Strict Independence of Parallel and Poly-synaptic Axon-Target Matching during Visual Reflex Circuit Assembly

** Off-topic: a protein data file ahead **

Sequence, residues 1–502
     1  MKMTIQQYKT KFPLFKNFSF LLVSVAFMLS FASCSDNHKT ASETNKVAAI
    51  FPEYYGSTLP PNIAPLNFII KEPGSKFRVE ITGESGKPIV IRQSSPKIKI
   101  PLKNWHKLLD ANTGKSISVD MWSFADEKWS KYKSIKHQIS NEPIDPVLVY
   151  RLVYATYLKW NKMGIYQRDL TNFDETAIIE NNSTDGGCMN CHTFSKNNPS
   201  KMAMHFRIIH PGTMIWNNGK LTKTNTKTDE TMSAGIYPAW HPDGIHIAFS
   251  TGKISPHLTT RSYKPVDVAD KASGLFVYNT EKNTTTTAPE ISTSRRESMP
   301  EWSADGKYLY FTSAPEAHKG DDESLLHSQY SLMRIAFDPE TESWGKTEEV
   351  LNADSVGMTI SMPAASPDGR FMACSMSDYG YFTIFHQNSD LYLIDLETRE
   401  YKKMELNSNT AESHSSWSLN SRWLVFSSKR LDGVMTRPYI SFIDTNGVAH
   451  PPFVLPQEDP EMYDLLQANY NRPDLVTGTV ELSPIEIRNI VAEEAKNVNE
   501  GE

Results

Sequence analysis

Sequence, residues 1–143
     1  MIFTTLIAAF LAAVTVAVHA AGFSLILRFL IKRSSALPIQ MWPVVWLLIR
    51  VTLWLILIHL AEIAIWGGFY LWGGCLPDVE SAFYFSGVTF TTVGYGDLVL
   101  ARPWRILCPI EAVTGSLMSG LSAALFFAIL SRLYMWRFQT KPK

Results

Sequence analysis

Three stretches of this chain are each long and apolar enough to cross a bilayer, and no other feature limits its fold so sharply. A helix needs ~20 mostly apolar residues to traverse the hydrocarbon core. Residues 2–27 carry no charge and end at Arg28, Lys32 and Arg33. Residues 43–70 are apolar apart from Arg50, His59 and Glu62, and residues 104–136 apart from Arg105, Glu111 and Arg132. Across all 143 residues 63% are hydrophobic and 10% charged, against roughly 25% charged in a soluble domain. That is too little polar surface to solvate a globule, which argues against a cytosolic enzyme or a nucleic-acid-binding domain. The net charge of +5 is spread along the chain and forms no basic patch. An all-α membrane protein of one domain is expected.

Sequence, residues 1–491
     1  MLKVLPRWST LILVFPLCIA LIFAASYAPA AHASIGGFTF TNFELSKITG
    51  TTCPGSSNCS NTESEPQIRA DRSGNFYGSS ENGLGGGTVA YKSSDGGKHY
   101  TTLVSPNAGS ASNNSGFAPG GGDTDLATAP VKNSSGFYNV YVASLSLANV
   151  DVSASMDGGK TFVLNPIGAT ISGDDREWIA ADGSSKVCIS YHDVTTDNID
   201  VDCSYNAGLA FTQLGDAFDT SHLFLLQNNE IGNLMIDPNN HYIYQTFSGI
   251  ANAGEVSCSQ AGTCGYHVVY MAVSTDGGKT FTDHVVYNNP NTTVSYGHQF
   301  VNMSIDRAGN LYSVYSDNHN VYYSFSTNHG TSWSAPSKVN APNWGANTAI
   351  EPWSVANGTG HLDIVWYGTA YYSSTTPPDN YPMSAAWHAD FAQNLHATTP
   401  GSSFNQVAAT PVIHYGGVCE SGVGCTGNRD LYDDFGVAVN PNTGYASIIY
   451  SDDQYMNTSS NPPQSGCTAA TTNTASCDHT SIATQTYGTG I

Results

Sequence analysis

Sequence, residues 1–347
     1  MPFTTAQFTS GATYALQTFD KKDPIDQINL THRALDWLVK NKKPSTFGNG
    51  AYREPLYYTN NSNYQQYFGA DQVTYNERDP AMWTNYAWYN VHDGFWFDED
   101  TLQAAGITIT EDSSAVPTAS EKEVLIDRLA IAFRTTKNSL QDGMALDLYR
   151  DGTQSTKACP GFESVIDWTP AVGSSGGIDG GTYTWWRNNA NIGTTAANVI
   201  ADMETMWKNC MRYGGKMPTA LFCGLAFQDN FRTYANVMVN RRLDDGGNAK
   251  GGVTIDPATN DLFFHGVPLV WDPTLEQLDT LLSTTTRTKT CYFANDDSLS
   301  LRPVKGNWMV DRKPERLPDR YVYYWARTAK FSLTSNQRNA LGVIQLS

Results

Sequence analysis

The use of sensory information to drive specific behaviors relies on circuits spanning long distances that wire up through a range of axon-target recognition events. Mechanisms assembling poly-synaptic circuits and the extent to which parallel pathways can “cross-wire” to compensate for loss of one another remain unclear and are crucial to our understanding of brain development and models of regeneration. In the visual system, specific retinal ganglion cells (RGCs) project to designated midbrain targets connected to downstream circuits driving visuomotor reflexes. Here, we deleted RGCs connecting to pupillary light reflex (PLR) midbrain targets and discovered that axon-target matching is tightly regulated. RGC axons of the eye-reflex pathway avoided vacated PLR targets. Moreover, downstream PLR circuitry is maintained; hindbrain and peripheral components retained their proper connectivity and function. These findings point to a model in which poly-synaptic circuit development reflects independent, highly stringent wiring of each parallel pathway and downstream station.